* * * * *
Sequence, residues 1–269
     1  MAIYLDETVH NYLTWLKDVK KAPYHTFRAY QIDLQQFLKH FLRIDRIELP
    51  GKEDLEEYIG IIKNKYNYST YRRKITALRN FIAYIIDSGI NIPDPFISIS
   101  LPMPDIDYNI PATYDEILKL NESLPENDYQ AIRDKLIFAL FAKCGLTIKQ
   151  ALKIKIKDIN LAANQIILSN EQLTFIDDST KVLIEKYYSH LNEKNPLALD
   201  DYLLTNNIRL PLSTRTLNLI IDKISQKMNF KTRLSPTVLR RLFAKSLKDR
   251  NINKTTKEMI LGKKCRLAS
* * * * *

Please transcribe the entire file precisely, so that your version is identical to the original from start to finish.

Sequence, residues 1–269
     1  MAIYLDETVH NYLTWLKDVK KAPYHTFRAY QIDLQQFLKH FLRIDRIELP
    51  GKEDLEEYIG IIKNKYNYST YRRKITALRN FIAYIIDSGI NIPDPFISIS
   101  LPMPDIDYNI PATYDEILKL NESLPENDYQ AIRDKLIFAL FAKCGLTIKQ
   151  ALKIKIKDIN LAANQIILSN EQLTFIDDST KVLIEKYYSH LNEKNPLALD
   201  DYLLTNNIRL PLSTRTLNLI IDKISQKMNF KTRLSPTVLR RLFAKSLKDR
   251  NINKTTKEMI LGKKCRLAS